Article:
Public confidence in scientists and research has declined over the past decade. Differences in attitudes are becoming greater between highly educated and less educated people. These are the findings of a new analysis that has been done of opinion surveys carried out by VA (Public and Science), together with the SOM Institute.
In one of the world’s smallest countries, the island Nauru in the Southern Pacific, half the population suffers from diabetes. The Nauruans are the fattest people in the world. Cause? The high standard of living enjoyed as a result of the country’s wealth. This wealth was created through selling the country’s indigenous and highly-demanded natural resource – a natural fertiliser originating from the many guano producing birds stopping by.
Excellent science, competitive industries and a better society are the ambitious aims of Horizon 2020, the new European framework programme for research and innovation. With a budget of €80 billion, Horizon 2020 sets out to solve some of the most challenging problems facing European society. An obvious question for VA and many others is ’how will European society be fully engaged and consulted in this process?’.
In three out of four cases, meat is being stored at a higher temperature than the recommended maximum of 4 ° C. This is the finding of new research carried out by over 1,800 Swedish pupils. The pupils were examining their refrigerators as part of the Swedish Researchers’ Night science festival.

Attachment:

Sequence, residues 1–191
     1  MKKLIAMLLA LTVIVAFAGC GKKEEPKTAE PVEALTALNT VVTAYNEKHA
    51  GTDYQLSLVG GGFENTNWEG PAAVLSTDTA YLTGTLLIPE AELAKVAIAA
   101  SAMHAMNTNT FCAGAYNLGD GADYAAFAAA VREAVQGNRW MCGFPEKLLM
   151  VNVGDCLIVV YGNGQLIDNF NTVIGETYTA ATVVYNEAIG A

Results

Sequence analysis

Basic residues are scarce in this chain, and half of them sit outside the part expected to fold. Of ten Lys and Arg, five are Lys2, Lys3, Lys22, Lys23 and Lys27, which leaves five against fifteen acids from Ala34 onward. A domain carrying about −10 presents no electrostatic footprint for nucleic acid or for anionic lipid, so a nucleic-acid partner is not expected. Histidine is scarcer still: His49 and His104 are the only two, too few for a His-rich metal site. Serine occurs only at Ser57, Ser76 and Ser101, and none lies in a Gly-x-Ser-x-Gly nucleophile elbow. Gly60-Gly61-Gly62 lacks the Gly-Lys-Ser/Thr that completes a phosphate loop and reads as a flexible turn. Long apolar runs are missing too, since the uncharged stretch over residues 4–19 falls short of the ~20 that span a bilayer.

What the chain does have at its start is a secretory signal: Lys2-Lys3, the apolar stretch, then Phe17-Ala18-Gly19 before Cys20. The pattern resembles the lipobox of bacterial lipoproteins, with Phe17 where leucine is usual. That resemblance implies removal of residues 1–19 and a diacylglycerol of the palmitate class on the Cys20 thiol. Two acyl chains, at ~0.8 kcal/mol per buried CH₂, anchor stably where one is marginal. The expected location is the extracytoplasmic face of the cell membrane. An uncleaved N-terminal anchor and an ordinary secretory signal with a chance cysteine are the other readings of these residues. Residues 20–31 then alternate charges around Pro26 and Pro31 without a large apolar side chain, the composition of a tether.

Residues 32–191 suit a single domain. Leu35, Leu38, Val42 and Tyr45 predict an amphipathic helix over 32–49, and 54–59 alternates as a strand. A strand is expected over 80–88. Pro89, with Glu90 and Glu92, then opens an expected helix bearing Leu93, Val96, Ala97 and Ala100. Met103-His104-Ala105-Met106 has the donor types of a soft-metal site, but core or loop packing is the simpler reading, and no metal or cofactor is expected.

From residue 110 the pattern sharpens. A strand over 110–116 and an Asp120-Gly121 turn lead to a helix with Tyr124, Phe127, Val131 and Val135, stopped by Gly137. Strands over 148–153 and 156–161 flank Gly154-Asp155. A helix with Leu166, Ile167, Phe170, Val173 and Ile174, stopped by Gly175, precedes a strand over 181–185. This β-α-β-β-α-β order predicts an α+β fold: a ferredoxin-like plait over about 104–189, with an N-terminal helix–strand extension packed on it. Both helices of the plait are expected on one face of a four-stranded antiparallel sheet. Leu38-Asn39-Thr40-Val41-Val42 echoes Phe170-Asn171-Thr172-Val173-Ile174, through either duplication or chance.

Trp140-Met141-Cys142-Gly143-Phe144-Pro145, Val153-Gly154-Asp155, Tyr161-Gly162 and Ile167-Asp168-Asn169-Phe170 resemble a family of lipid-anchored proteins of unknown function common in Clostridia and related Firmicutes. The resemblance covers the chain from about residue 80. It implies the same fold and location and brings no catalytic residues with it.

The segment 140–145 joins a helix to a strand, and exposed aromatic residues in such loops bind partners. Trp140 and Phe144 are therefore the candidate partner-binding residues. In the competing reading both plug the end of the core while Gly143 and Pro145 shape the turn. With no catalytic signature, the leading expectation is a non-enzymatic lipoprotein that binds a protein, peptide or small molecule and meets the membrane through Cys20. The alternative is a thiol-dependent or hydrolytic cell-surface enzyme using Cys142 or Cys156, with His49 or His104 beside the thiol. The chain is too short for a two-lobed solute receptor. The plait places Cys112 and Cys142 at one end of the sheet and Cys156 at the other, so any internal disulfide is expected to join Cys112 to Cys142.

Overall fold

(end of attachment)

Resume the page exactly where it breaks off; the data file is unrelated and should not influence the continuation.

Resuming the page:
Foster public engagement activity and knowledge transfer between science and society! That is the main message of VA’s (Public and Science) submission to the Swedish Ministry of Education and Research for the forthcoming new research and innovation bill.
Is it safe to eat genetically modified food? Does genetically modified food taste differently from ordinary food? Does wild and genetically modified salmon differ in appearance? These were a few questions discussed at a dialogue event on 7 December, organised by VA and Uppsala University.
Four out of ten Swedes agree that Sweden should support research that could potentially lead to Nobel prizes. Two out of ten disagree completely. These are two results from the latest barometer on the public’s opinion of science and research from VA (Public and Science).
How do I prevent my kids and myself from developing asthma? Is it something genetic? How can researchers and patients work together in order to find better treatments? These were a few questions discussed at a dialogue event on 19th October, organised by VA, the Karolinska Institutet and the Swedish Asthma and Allergy Association.